Hunter Ranch Golf Course recently made major renovations to its fairways that will not only improve playing conditions, but also save water and electrical costs. Recently, management decided to move away from its original cool season turf that was having trouble in the prolonged dry weather condition.
"You like to have nice fairways and they were really getting kind of burned out because of the drought,” said Bruce Miller, a Hunter Ranch employee who also plays the course regularly.
In an effort to improve the fairways and also reduce water usage, a new variety of grass was installed in early June. "The new turf we put in is a hybrid Bermuda,” said Jason Pouch, Hunter Ranch superintendent. “It is much more aggressive growing, much more salt tolerant, much more wear tolerant, requires less water, less fertilizer."
Pouch notes the Bermuda hybrid will result in considerable savings for the course in terms of water usage. "We're looking at probably 20 to 30 percent reduction in the amount of water we have to use to maintain our fairways."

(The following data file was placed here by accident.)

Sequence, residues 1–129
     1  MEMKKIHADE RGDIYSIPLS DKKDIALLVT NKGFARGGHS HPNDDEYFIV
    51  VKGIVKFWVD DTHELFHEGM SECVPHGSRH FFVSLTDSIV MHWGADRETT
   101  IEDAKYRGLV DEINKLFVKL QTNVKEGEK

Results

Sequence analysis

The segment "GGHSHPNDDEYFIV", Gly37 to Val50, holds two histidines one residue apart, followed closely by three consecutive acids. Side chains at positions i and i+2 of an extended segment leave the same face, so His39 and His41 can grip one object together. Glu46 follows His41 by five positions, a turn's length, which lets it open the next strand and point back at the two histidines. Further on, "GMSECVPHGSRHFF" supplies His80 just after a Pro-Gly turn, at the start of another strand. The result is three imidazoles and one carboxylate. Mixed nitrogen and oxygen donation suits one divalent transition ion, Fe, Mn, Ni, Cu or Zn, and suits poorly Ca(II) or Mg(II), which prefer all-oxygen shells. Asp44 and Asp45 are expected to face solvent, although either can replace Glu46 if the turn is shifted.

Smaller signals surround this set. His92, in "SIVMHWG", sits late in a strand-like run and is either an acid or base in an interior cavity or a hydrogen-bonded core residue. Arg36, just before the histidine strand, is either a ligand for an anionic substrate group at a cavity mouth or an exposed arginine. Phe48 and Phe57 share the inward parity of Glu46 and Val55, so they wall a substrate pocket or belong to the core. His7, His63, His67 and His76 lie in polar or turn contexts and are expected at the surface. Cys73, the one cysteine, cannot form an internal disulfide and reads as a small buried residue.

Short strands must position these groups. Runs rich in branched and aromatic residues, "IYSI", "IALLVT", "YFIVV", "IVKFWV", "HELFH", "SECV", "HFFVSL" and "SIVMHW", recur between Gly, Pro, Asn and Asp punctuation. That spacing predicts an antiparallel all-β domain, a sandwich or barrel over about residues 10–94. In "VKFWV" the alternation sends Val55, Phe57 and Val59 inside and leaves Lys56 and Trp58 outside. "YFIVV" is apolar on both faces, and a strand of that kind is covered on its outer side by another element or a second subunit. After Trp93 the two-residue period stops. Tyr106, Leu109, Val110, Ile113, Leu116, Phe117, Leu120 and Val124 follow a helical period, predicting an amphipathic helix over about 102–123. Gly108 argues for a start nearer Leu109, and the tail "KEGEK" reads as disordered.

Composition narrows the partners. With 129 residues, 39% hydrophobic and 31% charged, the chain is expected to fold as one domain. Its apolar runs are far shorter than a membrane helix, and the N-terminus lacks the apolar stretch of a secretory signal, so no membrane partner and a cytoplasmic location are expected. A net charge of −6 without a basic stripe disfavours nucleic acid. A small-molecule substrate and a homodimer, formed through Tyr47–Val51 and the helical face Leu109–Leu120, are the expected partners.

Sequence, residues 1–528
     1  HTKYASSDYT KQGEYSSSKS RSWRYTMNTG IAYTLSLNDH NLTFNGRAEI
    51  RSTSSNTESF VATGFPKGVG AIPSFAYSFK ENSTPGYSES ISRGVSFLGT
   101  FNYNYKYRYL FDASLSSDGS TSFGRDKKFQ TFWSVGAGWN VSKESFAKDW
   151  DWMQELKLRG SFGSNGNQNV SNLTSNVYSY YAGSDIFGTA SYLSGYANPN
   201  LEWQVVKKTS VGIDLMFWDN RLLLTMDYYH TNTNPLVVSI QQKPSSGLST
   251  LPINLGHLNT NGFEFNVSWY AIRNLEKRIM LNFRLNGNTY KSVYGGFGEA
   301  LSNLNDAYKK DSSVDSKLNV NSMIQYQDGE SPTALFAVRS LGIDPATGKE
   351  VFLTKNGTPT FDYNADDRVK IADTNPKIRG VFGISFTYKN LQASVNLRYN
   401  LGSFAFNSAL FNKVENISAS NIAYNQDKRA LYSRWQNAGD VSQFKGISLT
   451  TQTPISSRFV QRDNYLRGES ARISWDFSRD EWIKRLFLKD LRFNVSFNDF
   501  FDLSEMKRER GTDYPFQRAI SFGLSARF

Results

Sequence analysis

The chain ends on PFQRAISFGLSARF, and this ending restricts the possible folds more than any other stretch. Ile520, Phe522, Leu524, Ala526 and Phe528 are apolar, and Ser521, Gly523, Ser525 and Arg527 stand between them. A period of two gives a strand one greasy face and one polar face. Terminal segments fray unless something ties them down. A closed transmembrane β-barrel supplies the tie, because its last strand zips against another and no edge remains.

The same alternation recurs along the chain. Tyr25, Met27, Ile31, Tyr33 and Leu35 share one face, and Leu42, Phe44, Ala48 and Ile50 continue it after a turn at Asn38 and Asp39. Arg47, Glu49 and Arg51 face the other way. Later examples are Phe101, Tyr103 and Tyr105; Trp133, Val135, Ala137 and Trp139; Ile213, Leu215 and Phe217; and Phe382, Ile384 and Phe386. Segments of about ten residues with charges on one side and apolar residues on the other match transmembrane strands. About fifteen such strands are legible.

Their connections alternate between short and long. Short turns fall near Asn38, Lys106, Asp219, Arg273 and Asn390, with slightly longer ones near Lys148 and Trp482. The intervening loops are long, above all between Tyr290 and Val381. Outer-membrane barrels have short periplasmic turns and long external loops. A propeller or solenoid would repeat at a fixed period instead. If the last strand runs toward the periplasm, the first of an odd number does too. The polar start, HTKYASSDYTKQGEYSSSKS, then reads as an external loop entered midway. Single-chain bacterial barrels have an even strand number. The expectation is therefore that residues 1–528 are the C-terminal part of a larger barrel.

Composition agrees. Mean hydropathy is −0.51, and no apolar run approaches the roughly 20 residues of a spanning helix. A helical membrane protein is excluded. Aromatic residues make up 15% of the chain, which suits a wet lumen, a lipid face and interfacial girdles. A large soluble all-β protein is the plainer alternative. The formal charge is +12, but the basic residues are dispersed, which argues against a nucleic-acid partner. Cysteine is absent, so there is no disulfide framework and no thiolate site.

The newly seeded grass is said to be “drought tolerant” due to many features that make it a much more attractive playing surface than its predecessor. "The physiology of this turf grass, it requires much less water, it will put up with much higher salts in the soils and it will also put up with much more traffic,” said Pouch. He adds, "It's just a more vigorous root system, more vigorous plant, so it’s able to withstand those stresses much better than the cool season grasses that we currently have."
Players who frequent the course that runs adjacent to Highway 46 just outside Paso Robles are happy with the change. "I think we're definitely going in the right direction. I'm enthusiastic about this and I think it's going to be really nice when it all takes root,” said Bill Kneeland, a regular player from Templeton.
Miller, who lives in Paso Robles, is also happy with the turf and is excited about the water savings as well. “I’m very conservation minded and to do this, it will cut down their water usage and every little bit helps.”
Pouch says it will take 2 to 3 growing seasons for the Bermuda hybrid to provide full coverage in the fairways. That time frame covers more than a year, so the turf will still be in transition into late 2015.